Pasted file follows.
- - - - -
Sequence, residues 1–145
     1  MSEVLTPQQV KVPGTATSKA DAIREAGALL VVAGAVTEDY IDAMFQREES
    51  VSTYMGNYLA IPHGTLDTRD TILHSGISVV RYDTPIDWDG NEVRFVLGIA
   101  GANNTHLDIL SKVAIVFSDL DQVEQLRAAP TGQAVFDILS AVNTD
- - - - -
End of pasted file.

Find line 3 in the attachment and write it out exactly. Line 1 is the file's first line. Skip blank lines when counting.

    51  VSTYMGNYLA IPHGTLDTRD TILHSGISVV RYDTPIDWDG NEVRFVLGIA